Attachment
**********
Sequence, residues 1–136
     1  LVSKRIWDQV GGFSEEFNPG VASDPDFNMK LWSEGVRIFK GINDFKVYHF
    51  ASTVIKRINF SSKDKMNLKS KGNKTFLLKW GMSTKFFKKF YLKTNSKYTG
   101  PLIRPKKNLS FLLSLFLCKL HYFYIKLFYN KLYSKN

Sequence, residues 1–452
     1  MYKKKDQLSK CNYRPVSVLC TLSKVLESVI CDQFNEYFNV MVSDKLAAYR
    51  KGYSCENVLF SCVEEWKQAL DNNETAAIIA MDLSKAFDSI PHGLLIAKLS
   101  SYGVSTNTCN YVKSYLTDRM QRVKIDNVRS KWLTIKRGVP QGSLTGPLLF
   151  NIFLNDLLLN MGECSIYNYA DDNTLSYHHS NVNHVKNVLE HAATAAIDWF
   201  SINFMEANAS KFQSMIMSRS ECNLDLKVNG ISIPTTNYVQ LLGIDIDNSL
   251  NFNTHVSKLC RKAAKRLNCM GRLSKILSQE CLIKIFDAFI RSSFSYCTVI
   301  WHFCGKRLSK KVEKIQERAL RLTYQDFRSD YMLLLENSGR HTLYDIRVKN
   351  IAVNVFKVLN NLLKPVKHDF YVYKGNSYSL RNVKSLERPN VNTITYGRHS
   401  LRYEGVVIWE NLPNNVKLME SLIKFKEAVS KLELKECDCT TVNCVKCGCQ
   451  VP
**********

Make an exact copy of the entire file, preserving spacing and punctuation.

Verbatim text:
Sequence, residues 1–136
     1  LVSKRIWDQV GGFSEEFNPG VASDPDFNMK LWSEGVRIFK GINDFKVYHF
    51  ASTVIKRINF SSKDKMNLKS KGNKTFLLKW GMSTKFFKKF YLKTNSKYTG
   101  PLIRPKKNLS FLLSLFLCKL HYFYIKLFYN KLYSKN

Sequence, residues 1–452
     1  MYKKKDQLSK CNYRPVSVLC TLSKVLESVI CDQFNEYFNV MVSDKLAAYR
    51  KGYSCENVLF SCVEEWKQAL DNNETAAIIA MDLSKAFDSI PHGLLIAKLS
   101  SYGVSTNTCN YVKSYLTDRM QRVKIDNVRS KWLTIKRGVP QGSLTGPLLF
   151  NIFLNDLLLN MGECSIYNYA DDNTLSYHHS NVNHVKNVLE HAATAAIDWF
   201  SINFMEANAS KFQSMIMSRS ECNLDLKVNG ISIPTTNYVQ LLGIDIDNSL
   251  NFNTHVSKLC RKAAKRLNCM GRLSKILSQE CLIKIFDAFI RSSFSYCTVI
   301  WHFCGKRLSK KVEKIQERAL RLTYQDFRSD YMLLLENSGR HTLYDIRVKN
   351  IAVNVFKVLN NLLKPVKHDF YVYKGNSYSL RNVKSLERPN VNTITYGRHS
   401  LRYEGVVIWE NLPNNVKLME SLIKFKEAVS KLELKECDCT TVNCVKCGCQ
   451  VP